Aquatic plant scientists visit Queenstown

The 15th International Symposium on Aquatic Plants was held in Queenstown in February 2018, bringing together scientists from 20 different countries to share their latest research, promote debate, discussion and collaboration.

The conference included three major themes:

  1. Biodiversity, conservation and biomonitoring, 
  2. Management and invasive species, and 
  3. Ecosystem response and restoration.

There were 11 sessions chaired by scientists from universities and research institutes around the world. 

Globally aquatic ecosystems were recognised as being under threat. The main threats come from catchment land-use change, altered water regimes, increased eutrophication, invasive species and combinations of these factors. There is a need for science research to respond to these challenges by providing solutions to halt the decline and improve the condition of our valuable freshwaters. This need can only be met by understanding aquatic ecosystems, the role of macrophytes and the nature and scale of changes occurring. In understanding the threats to aquatic ecosystems, we can then develop the means to address those threats, protect and restore aquatic habitats.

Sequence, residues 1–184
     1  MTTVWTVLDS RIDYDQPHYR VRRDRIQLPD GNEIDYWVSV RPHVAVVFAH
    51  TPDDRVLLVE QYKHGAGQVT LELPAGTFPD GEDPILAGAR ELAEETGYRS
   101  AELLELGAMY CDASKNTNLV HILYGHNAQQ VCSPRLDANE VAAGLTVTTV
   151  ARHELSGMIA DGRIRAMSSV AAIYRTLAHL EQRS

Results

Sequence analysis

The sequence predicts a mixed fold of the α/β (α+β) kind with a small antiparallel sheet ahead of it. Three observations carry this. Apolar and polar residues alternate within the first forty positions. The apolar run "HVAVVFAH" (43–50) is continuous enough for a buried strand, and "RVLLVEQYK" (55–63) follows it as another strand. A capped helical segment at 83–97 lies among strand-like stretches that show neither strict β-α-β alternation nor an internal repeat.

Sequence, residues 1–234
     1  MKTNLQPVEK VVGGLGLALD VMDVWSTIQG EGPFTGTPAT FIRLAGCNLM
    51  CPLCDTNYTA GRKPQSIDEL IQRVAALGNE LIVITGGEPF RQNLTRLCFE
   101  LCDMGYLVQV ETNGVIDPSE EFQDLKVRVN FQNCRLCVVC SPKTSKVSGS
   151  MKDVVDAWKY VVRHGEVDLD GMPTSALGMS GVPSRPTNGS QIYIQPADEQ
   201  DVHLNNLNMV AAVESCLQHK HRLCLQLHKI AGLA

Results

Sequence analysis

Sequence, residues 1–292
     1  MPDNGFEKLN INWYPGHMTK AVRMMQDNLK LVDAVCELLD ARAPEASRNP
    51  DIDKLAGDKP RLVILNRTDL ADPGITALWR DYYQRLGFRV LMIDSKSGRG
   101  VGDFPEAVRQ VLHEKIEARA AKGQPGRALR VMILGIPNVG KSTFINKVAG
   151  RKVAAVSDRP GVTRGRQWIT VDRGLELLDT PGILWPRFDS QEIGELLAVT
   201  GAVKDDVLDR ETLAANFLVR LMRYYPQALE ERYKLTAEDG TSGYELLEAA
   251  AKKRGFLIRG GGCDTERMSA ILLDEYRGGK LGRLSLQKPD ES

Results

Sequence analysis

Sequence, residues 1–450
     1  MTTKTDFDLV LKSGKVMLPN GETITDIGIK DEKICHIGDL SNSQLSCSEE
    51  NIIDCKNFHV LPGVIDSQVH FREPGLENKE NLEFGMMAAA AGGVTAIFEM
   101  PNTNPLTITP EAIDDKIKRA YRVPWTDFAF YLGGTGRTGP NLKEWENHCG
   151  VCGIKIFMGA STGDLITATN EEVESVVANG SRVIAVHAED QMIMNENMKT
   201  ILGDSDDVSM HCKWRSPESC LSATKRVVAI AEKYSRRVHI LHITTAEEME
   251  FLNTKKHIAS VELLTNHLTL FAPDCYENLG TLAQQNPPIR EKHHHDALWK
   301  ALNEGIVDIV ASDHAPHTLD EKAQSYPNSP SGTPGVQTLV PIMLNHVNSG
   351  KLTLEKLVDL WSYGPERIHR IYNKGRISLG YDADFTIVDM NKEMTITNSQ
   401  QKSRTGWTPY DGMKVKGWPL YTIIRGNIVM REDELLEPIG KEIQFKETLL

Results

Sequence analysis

The conference was supported by sponsorship from NIWA, the Aquatic Plant Management Society, Land Information New Zealand and Boffa Miskell, the Ministry for Primary Industries and the Aquatic Ecosystem Restoration Foundation, and Thunderjets


Dr Deborah Hofstra

Delegates learn about local issues with the weed Lagarosiphon major in the Kawarau river. [Photo: Tracey Burton]

Delegates learn about local issues with the weed Lagarosiphon major in Lake Dunstan. [Photo: Tracey Burton]


More articles: Freshwater Update 76, March 2018